“Where are you at again?”
“Stell Valley,” I said. “It's about an hour from the border.”
“Oh, I know where that is.” Rudy, Jason's omega husband, popped into the frame of the computer. He was jiggling a cute baby whose tiny feet beat a tempo against his thigh. “That's not that far from where I grew up. It's pretty backcountry out that way.”
“I know.” I glanced around at the rustic hotel room, the only accommodations available in the town. “The wi-fi is pretty spotty out here. The hotel is the only place in town I can seem to get a signal. Even my phone doesn't work that well.”
“What are you doing out there again? And when are you coming home?” Jason asked. “You know Mom doesn't like it when any of her puppies are away from home for too long.”
“New dig with Professor Frostburg.”
“You're still working with that crotchety old coot?” Jason laughed.
“He may be crotchety and he may be a bit full of himself, but he’s one of the best researchers in the shifter anthropology field. I'm lucky to be on this dig with him and Allison. It’s a great team and hard to get onto. There's been some interesting finds. Hopefully one day we'll figure out where shifters came from.”
Rudy's head popped back into the frame again. “Why do you want to know where shifters came from? Is it really that important?”
“It is to me.”
“Fair enough,” Jason said.
“Anyhow,” I said, “enough about what's going on out here in the boonies. How's everything back in the city?”
“Everything is going great,” Jason said to me. “You can see how big this little pup is getting.” He reached over and plucked his son from Rudy's arms. He was a cute little boy with Rudy’s light brown hair and Jason's expressive eyes. He shoved a handful of fingers into his mouth and drooled and gurgled while Jason jiggled him on his knee. “The website is working out quite well. Actually, better than I could have expected. And we're going to launch the app soon. Rudy’s done fantastic work with that. He's better than any other programmer I've ever worked with.” Jason gave his mate a glance that carried both fondness and desire.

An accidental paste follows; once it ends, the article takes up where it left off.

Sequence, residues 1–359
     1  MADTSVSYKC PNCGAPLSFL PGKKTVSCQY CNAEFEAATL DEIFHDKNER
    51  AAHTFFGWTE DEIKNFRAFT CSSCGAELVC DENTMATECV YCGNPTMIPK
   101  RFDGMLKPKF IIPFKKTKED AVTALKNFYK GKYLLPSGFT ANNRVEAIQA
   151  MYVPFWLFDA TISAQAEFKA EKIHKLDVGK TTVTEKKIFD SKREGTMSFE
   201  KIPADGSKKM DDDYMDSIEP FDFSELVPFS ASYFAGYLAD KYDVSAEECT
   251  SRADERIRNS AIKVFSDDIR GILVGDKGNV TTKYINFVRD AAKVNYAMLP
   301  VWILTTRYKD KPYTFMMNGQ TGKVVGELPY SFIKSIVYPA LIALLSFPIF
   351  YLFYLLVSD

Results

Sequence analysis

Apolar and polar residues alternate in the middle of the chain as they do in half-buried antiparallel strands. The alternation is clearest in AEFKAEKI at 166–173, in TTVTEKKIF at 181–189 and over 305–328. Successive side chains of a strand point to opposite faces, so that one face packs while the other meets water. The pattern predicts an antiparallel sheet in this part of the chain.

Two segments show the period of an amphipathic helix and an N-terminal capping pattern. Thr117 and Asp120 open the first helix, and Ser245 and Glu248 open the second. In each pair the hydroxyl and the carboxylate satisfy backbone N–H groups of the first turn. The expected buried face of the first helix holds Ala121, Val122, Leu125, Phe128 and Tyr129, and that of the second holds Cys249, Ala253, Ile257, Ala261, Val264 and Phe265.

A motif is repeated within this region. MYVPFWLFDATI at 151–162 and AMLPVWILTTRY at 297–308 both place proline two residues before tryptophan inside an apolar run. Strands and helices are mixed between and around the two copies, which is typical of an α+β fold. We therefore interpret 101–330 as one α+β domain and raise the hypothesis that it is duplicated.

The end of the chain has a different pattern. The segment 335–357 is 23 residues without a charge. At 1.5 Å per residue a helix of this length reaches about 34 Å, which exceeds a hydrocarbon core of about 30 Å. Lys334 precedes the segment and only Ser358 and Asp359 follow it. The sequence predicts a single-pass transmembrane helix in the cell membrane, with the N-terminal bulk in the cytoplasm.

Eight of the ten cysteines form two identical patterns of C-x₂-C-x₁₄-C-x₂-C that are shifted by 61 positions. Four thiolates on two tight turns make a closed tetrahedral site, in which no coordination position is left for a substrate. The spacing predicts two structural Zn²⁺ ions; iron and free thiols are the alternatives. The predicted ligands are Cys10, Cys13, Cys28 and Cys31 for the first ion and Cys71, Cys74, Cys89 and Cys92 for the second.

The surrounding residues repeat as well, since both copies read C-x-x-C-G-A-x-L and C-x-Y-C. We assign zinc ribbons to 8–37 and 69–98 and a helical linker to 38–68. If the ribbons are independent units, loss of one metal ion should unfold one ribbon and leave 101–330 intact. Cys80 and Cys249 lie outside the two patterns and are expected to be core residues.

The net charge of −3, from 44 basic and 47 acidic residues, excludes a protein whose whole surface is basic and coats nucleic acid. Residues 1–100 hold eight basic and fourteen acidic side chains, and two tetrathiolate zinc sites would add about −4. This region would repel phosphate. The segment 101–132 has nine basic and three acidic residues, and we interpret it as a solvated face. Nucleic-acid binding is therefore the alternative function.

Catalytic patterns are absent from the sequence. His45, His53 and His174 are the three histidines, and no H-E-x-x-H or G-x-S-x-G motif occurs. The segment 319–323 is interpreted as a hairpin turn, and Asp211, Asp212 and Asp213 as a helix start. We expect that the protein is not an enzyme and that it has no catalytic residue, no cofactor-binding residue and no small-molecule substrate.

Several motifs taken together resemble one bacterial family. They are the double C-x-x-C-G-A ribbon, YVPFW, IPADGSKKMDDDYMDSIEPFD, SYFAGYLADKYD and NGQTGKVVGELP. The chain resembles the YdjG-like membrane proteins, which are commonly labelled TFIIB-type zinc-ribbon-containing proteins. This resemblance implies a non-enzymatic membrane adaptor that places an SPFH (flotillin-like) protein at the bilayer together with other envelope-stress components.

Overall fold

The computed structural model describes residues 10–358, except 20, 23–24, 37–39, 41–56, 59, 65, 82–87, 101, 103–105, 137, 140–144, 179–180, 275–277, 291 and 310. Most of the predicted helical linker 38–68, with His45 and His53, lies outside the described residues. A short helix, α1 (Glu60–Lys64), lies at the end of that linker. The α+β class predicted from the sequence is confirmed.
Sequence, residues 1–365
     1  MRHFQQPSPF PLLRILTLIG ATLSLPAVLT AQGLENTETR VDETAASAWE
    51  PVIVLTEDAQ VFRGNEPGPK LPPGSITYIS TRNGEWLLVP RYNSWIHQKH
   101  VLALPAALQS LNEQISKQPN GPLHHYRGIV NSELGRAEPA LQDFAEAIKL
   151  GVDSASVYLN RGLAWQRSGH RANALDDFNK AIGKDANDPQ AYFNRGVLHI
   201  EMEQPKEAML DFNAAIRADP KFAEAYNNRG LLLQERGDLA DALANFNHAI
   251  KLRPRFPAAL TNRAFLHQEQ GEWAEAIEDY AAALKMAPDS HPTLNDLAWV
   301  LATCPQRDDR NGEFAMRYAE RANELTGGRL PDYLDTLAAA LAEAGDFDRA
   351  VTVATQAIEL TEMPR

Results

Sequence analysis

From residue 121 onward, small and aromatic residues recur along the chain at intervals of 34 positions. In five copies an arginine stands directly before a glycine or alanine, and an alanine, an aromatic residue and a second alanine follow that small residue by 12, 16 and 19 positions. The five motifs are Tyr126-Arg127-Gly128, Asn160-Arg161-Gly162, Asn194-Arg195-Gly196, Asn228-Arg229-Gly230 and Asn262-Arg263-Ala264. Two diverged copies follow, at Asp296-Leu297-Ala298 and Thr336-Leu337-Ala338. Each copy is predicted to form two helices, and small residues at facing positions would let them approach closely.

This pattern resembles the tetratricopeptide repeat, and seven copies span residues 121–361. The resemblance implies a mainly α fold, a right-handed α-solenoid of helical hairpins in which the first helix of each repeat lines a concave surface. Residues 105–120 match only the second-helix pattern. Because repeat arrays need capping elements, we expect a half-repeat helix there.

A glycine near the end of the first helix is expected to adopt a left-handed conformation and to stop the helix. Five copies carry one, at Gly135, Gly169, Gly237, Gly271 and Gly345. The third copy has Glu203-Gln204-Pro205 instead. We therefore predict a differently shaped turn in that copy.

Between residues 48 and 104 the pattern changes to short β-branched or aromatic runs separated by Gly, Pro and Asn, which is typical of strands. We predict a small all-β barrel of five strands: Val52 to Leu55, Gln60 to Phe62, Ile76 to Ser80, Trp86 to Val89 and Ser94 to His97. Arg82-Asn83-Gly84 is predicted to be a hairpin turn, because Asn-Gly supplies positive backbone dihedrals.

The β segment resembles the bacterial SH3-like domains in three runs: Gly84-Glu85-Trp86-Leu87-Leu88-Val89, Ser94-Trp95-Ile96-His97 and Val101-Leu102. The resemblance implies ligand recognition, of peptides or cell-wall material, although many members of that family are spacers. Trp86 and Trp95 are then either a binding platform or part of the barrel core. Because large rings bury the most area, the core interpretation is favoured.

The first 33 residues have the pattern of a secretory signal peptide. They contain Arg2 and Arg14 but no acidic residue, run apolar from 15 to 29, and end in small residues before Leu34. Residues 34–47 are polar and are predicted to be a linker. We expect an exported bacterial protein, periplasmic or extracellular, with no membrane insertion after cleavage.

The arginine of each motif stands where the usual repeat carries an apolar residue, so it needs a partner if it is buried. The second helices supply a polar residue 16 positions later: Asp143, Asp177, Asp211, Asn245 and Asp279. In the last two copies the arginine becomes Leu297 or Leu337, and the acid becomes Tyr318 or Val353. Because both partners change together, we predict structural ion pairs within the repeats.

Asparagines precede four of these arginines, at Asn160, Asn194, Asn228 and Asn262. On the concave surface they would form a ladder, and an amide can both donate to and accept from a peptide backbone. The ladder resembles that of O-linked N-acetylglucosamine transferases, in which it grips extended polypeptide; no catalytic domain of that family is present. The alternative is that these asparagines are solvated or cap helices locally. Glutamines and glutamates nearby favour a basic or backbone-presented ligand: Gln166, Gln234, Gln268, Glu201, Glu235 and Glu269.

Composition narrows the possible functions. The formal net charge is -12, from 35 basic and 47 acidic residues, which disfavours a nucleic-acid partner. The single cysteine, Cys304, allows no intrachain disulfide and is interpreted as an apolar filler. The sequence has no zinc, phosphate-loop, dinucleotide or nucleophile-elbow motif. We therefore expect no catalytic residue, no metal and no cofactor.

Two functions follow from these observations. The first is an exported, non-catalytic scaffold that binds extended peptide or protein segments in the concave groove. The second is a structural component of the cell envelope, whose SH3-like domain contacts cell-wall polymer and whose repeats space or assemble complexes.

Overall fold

“How are Mom and Dad?” I asked. “And the brothers?” I had four brothers. Jason was the oldest and I was second in line, followed by Ollie then the twins, Jasper and Slate.
“Well, you know Mom. She's trying to decorate everything that's not nailed down and then some. I've had to keep her away from Rudy for a bit. She tried to take over the decoration of Liam's nursery. I thought there was going to be a real problem there for a while.” Jason laughed. “And Dad is Dad. He's hitting the golf course a lot more now that Ollie is taking over more of the business.”
“How's he doing with that?” I asked.
“Much better than Dad expected, I know that. It's amazing. I've never seen him this focused on anything in his entire life. He's born for it.”
“Jasper and Slate?”
“Still as much trouble as ever,” Rudy piped up from the background, making me laugh.
“Well I'm glad everybody is doing okay. I need to get going. We have to get up to the dig site today. There's some reps from the pack coming.”
“You guys be careful up there,” Rudy said. “Those pack shifters in the backlands aren't always the friendliest people you’ll ever meet.”
“Thanks for the warning, Rudy,” I said. “I'll keep it in mind. But I don't think we'll have much trouble. Professor Frostburg has been up this way before. I think he knows what he's doing.”
“Good luck then,” Jason said. “We’ll talk to you soon.”
I reached over and closed the screen on my laptop. I jumped off the creaky old bed and quickly pulled on a pair of dusty brown boots and a flannel shirt before I headed down the stairs and met up with the rest of my group in the lobby of the old hotel.
* * *
My boots clattered down the wooden steps of the hotel and I headed across the dusty street to the dirty truck parked on the far side. Allison Carlowe was leaning over the hood of the truck, which might have been gray or bright blue. Who could tell with the thick coat of dust that covered it? Allison had a map stretched across the hood. She was whip thin and bronzed by her time spent under the sun on digs. Her hair was as dark as a crow’s wing, which was appropriate because Allison was a crow shifter. Professor Frostburg was next to Allison, talking a mile a minute and jabbing at the map with his finger.
“A map?” I said to Allison. “We're using actual paper maps now? Is there something wrong with the geo-tracker?”
“They don't work well out here, rich boy,” Allison snarked. “All those fancy gadgets you use back in Stelline aren't going to be worth much now. We're going old school digging.”